“This sector accounts for about a quarter of global emissions. Achieving net zero will be challenging and will require new production processes, low and zero emissions electricity, hydrogen, and, where necessary, carbon capture and storage,” officials said.
Agriculture, forestry and other land use can provide large-scale emissions reductions and also remove and store carbon dioxide at scale. However, land cannot compensate for delayed emissions reductions in other sectors.
“Accelerated and equitable climate action in mitigating and adapting to climate change impacts is critical to sustainable development,” officials said, adding that some response options can absorb and store carbon while also helping communities limit the impacts of climate change. For example, in cities, networks of parks and open spaces, wetlands and urban agriculture can reduce flood risk and reduce heat-island effects.
“Climate change is the result of more than a century of unsustainable energy and land use, lifestyles and patterns of consumption and production,” said Skea. “This report shows how taking action now can move us towards a fairer, more sustainable world.”
Dr. Alondra Nelson, head of the White House Office of Science and Technology Policy, said in a statement that IPCC’s latest findings highlight the urgency of deploying clean energy solutions and accelerating new technologies that can capture, store and remove carbon from the atmosphere.
“We know what we need to do, and we can meet our climate and clean energy goals if we act now,” Nelson said. “We are committed to cutting U.S. emissions in half by the end of the decade, reaching 100% clean electricity by 2035, and achieving net-zero emissions by 2050.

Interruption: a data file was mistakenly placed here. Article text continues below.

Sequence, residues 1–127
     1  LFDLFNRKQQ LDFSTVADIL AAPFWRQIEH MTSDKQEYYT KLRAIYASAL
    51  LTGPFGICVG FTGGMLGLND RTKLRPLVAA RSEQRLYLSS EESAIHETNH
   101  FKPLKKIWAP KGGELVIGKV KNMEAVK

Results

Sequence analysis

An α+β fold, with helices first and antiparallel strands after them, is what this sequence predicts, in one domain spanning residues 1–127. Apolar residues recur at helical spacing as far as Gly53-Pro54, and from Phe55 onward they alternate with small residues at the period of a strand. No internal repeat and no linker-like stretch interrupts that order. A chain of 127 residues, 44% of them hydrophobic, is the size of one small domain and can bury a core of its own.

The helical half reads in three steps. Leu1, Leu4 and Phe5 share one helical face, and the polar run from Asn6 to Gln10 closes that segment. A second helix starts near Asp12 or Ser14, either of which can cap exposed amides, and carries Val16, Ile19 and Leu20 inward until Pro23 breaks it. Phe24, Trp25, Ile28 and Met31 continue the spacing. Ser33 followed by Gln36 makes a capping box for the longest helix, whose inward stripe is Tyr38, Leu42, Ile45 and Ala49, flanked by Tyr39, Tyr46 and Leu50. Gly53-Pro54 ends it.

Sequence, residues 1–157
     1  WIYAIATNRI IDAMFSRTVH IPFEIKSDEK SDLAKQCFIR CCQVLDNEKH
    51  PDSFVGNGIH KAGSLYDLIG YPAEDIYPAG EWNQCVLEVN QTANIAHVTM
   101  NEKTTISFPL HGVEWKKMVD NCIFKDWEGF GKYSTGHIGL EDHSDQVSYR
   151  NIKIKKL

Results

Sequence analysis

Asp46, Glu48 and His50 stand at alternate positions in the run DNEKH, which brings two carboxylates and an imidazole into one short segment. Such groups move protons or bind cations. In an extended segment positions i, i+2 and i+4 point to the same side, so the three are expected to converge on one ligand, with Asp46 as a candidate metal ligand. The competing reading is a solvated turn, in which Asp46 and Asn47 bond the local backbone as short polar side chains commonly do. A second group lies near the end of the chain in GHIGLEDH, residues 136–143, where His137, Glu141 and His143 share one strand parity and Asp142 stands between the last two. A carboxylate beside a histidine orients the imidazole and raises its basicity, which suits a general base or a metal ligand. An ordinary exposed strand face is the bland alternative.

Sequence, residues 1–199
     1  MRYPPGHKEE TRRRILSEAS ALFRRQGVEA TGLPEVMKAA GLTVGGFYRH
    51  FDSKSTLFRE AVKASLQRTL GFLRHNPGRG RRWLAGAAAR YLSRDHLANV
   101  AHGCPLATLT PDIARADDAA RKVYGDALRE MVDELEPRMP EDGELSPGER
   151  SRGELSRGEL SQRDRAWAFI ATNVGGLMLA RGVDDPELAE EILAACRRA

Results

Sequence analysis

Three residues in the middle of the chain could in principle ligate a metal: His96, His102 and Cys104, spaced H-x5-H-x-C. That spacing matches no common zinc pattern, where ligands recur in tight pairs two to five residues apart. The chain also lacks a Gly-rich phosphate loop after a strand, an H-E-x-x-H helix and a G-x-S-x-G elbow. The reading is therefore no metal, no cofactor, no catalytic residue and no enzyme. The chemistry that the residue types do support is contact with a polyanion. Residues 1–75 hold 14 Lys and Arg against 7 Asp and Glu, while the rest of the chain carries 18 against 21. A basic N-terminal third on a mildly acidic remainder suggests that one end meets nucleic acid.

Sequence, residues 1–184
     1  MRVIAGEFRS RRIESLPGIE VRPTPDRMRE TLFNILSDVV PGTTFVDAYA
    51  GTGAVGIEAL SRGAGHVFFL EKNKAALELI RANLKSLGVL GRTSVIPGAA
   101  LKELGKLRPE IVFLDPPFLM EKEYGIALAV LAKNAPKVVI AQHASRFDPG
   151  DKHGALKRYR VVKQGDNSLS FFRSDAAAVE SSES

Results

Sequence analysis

Nelson added that climate change is an equity issue, with the wealthiest households and nations disproportionately generating greenhouse gas emissions, and climate impacts disproportionately affecting those who have contributed least to the problem.
“Today’s report is another reminder that this decade must be the inflection point. This is the moment for bold climate leadership by governments, and for collective action to adopt new, affordable technologies at mass scale to meet this global crisis. The science is clear; now we must act,” she said.
“We are rapidly running out of time to avert the most catastrophic consequences of climate change,” said Daniel Bresette, executive director of the Environmental and Energy Study Institute (EESI), in response to the report released Monday. “But with an all-in approach that starts with the rapid deployment of available technologies, it is still possible to limit warming to 1.5°C.”
In this latest report, the IPCC emphasized emissions must be dramatically reduced within this decade and decline to net zero by 2050 to limit global warming to 1.5 degrees Celsius, Kathleen Rogers, president of EARTHDAY.ORG, noted in a statement.
“If we are to make the Paris Agreement mean anything at all then we must work together,” she said. “This means everyone from individuals, businesses, governments, and other parts of civil society have to commit to a transformative shift in the global economy as we know it.”